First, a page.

This is amazingly written and it pulls you in so well that it is kind of scary. I had moments where I fell into the text and got wrapped up in the emotional connection to Abraham and completely forgot myself. Having said that I would to talk about his tribute to Abraham a little.
It starts with something that I really liked, it was this idea of time and memory as perhaps the most amazing testament to faith. Memory of past generations is our great gift from God which separates us from nature. We have the heroes and the poets, The poets love and admire the heroes for their greatness and the heroes in turn love the poets. "No! No one who was great in the world will be forgotten, but each was great in his own way, and each in proportion to the greatness of what he loved."(13) Abraham was for Kierkegaard perhaps the greatest because while he loved his son he loved god most. Abraham's faith in G-d and love for G-d were not for what was given or what even was seen as possible. Abraham was devoted and unwavering and never thought only of the possible but believed in the impossible too. Even when his wife was barren and they were too old he believed he would have a child. Then when his child was older and he loved his child dearly he did not stop loving G-d on the command to kill his son. In this love of G-d Abraham has been remembered through time, preserved as one of the greatest heroes. Kierkegaard sees this show of faith not as blindly following but as true faith because of Abraham's acceptance of the impossible even though he has not yet been granted anything.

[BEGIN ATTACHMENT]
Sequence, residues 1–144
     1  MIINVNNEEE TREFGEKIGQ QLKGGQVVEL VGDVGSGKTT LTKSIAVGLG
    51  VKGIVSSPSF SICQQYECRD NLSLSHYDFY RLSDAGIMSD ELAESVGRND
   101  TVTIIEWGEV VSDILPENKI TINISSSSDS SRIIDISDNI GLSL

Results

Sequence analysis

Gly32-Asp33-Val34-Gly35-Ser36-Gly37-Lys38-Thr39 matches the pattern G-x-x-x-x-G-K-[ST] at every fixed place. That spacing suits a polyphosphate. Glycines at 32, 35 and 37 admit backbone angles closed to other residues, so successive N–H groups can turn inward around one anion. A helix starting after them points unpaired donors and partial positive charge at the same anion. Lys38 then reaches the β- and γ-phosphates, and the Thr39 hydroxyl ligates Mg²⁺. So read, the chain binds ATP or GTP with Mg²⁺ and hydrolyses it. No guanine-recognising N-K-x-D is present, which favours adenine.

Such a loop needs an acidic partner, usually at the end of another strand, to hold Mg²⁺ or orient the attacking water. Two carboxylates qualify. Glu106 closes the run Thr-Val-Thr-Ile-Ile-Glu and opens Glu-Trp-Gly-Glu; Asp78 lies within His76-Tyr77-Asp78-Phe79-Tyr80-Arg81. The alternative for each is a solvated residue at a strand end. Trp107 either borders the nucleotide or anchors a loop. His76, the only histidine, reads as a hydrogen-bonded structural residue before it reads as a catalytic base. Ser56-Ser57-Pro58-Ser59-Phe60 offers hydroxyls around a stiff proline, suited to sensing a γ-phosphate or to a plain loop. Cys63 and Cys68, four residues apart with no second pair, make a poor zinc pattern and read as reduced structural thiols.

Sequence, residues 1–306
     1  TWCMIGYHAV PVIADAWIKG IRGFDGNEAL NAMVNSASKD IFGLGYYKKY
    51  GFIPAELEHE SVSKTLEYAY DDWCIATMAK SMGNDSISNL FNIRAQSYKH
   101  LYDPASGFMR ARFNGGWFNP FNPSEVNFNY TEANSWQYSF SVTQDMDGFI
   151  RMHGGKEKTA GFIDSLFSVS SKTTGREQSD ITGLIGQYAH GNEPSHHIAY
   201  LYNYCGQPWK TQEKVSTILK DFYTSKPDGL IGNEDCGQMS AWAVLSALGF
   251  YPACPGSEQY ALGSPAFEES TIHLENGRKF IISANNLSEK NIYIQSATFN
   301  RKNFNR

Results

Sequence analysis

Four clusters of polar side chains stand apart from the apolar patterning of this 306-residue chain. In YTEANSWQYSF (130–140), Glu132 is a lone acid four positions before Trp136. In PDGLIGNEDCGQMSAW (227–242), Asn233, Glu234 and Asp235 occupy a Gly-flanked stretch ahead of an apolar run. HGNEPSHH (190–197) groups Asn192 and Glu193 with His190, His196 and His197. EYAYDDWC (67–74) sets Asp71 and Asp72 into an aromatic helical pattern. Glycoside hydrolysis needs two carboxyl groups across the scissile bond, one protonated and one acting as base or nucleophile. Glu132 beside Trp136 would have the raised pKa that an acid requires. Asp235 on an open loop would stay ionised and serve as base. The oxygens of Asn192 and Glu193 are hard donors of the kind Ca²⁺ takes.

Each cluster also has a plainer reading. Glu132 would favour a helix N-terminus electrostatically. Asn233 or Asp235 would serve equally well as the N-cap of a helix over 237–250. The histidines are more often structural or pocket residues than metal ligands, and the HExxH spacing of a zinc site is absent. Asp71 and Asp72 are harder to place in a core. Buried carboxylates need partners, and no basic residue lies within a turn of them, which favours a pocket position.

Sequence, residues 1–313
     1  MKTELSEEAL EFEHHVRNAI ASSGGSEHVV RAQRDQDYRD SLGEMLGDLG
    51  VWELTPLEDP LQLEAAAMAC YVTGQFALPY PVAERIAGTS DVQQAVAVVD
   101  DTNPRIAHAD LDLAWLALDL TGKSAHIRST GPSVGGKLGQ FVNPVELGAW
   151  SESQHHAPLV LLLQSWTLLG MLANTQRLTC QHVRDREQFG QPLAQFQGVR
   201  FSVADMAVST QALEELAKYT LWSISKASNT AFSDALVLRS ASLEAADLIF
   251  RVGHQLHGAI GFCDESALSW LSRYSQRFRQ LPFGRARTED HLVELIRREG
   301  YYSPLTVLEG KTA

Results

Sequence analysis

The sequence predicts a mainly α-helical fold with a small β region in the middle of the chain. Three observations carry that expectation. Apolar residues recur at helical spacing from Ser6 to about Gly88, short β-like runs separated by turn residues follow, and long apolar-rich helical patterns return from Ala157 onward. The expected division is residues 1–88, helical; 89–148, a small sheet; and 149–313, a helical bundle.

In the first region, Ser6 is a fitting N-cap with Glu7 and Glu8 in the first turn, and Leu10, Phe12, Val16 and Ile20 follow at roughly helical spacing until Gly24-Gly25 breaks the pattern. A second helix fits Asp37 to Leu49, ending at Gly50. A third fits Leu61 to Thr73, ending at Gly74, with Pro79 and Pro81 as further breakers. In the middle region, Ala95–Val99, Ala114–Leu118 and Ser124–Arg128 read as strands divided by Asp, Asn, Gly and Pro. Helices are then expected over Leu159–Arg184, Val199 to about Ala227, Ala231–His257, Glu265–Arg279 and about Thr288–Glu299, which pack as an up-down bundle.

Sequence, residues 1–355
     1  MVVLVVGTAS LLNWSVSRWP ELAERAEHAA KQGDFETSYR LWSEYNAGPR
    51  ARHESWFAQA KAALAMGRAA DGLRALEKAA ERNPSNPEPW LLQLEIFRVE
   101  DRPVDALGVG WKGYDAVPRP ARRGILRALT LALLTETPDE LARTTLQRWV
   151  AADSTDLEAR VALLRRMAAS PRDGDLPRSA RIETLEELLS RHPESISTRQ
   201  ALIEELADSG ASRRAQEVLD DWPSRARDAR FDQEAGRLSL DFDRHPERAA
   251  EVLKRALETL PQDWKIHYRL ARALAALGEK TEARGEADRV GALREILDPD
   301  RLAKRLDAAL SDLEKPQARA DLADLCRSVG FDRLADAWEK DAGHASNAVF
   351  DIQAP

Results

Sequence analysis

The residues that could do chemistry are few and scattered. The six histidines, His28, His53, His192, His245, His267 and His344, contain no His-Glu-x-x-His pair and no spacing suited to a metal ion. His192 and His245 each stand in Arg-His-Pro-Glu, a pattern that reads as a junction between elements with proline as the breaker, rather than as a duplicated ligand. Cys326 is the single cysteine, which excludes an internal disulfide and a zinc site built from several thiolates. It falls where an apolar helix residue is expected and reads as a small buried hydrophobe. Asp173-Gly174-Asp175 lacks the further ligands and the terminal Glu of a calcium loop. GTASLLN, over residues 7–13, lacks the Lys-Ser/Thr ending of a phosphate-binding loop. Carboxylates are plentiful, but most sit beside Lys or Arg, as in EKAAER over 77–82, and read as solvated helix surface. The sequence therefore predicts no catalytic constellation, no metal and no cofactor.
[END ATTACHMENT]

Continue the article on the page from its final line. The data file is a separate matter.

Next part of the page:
1 week ago